Race to Map Africa’s Forgotten Glaciers Before They Melt Away

A team of scientists and photographers aims to document the Earth’s threatened and fading glaciers.

abby chicken photography/Flickr

Ptolemy thought they were the source of the Nile and called them the Mountains of the Moon because of the perpetual mists that covered them; Stanley claimed to be the first non-African to see their icecap; and the many thousands of subsistence farmers who today live on the slopes of the fabled Rwenzori mountains in Uganda and the Democratic Republic of the Congo fear that warming temperatures are devastating their harvests.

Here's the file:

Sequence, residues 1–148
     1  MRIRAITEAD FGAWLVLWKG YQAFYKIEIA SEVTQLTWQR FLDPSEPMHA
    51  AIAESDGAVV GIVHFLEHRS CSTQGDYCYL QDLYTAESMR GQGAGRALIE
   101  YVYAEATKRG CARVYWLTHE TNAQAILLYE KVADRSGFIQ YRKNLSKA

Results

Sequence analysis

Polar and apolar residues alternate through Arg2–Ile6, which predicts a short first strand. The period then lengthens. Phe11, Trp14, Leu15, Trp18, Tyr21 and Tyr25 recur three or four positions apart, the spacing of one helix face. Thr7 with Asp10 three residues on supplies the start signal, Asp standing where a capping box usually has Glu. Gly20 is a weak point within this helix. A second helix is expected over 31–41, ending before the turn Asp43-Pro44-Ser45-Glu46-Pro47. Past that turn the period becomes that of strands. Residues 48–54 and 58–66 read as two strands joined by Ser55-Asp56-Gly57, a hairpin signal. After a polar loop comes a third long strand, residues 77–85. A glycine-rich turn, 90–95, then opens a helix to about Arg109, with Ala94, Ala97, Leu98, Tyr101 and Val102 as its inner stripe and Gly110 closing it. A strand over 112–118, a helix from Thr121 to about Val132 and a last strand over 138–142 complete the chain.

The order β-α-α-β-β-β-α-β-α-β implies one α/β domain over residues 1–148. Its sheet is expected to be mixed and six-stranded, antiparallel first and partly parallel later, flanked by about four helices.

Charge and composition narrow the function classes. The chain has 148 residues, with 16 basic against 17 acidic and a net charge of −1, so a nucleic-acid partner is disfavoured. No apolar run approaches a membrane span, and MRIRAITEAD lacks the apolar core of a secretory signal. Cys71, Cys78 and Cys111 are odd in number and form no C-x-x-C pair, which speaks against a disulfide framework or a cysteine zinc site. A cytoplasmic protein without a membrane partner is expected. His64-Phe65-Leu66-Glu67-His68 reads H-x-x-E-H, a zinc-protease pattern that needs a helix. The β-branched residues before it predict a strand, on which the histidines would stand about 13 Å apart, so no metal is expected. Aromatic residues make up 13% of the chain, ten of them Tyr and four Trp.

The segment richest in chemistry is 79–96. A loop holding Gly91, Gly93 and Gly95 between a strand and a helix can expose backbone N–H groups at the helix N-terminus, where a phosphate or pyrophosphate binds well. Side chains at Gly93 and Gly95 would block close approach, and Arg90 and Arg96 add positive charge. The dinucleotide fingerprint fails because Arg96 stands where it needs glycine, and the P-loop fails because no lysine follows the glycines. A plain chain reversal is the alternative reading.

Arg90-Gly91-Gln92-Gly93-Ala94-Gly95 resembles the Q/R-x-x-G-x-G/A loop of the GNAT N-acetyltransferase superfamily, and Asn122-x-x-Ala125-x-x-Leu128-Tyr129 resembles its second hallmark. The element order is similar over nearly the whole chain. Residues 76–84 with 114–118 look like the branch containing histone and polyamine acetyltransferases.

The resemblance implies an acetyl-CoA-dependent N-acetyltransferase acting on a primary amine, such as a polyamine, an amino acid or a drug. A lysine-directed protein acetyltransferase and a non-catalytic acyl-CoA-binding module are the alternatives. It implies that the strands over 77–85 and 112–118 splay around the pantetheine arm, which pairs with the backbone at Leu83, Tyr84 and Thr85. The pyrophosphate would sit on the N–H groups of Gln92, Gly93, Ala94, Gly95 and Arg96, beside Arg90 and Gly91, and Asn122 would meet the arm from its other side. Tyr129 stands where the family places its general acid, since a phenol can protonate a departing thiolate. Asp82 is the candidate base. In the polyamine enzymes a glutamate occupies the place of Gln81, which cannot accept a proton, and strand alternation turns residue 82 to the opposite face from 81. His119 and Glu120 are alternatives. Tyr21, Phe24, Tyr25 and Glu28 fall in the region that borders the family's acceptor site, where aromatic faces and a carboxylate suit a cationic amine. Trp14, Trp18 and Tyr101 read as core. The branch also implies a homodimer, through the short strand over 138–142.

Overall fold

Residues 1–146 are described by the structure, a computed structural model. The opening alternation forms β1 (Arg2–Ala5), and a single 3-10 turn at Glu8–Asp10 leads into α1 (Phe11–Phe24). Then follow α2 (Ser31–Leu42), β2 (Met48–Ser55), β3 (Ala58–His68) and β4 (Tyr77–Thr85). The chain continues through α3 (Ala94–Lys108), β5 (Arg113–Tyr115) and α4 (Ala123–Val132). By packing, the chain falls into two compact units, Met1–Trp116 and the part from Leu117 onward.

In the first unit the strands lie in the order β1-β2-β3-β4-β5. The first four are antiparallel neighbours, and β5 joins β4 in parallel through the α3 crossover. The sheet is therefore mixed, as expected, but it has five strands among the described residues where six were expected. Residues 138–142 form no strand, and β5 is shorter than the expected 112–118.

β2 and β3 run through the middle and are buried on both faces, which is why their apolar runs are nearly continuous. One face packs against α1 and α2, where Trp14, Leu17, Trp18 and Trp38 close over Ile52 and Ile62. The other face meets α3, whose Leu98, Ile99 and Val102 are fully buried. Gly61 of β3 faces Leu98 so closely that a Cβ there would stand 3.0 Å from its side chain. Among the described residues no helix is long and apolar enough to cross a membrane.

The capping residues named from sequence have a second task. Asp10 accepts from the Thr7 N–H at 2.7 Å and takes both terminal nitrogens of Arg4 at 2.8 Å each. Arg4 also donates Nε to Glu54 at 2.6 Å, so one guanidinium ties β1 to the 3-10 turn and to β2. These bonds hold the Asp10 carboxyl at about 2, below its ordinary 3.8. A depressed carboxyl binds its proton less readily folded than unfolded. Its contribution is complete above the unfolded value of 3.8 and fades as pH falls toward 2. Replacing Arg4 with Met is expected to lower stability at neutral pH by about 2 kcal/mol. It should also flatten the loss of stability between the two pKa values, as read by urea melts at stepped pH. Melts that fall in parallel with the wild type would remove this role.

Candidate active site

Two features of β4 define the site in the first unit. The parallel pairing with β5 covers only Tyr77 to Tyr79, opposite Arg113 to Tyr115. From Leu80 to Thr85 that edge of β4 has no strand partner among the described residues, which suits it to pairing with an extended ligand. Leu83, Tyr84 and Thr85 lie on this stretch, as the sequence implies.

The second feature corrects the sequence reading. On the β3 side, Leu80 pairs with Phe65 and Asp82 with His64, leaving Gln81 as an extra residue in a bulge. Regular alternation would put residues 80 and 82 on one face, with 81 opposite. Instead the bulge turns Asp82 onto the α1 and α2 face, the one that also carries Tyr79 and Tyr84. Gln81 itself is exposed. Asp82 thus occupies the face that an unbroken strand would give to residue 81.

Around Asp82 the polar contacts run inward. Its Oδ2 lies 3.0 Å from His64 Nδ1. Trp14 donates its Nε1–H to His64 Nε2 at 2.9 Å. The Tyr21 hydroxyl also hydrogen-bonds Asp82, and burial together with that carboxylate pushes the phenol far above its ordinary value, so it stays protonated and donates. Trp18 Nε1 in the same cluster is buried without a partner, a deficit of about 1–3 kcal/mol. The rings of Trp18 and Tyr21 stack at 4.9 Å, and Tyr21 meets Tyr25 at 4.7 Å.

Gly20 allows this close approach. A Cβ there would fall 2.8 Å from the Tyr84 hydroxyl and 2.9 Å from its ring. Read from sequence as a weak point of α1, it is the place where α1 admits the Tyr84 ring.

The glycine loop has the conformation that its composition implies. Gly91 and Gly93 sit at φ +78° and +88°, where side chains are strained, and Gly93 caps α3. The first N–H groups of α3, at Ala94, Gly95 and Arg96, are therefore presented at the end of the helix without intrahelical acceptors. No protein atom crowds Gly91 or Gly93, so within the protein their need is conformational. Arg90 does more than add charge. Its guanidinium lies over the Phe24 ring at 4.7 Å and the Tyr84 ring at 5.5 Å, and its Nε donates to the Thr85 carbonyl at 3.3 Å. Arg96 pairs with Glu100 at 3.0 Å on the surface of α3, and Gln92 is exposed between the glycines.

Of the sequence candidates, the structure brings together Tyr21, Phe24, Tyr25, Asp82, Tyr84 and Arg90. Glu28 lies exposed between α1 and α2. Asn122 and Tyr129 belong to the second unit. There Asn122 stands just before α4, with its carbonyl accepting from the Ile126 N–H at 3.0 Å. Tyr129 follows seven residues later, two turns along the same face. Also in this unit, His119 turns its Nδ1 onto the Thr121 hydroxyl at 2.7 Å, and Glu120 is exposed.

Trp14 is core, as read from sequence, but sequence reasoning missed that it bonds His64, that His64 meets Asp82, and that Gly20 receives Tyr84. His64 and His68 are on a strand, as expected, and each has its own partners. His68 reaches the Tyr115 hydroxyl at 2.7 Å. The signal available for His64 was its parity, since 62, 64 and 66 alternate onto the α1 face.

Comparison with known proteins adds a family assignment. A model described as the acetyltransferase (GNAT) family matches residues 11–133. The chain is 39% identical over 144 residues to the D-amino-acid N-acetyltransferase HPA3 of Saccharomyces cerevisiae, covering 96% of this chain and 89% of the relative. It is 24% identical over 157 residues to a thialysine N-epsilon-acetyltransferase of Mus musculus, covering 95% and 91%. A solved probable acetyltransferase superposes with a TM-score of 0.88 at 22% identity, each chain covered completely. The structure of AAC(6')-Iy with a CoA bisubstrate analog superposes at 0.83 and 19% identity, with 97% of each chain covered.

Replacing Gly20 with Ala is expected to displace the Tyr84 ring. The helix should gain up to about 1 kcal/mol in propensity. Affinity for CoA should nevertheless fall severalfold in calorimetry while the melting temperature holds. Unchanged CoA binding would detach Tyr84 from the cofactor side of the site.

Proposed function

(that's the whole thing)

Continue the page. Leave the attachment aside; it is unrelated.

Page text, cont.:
While 20,000 people a year scale Mount Kilimanjaro in Tanzania, just a handful of trekkers tackle the lower, 5,100m Rwenzori summits and witness the spectacular plant forms that grow in some of the wettest conditions on Earth. The result is that little is known about the condition of the many tropical glaciers that descend off the three peaks of mounts Baker, Speke and Africa’s third highest peak, Mount Stanley.

But last month, a micro-expedition led by London-based Danish photographer Klaus Thymann returned from Uganda with the best evidence yet that the 43 glaciers found and named in 1906 are still mostly there, but are in dire condition and can be expected to disappear in a decade or two.

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The Climate Desk is a journalistic collaboration dedicated to exploring the impact—human, environmental, economic, political—of a changing climate. The partners are The Atlantic, Center for Investigative Reporting, Grist, The Guardian, Huffington Post, Mother Jones, Slate, and Wired.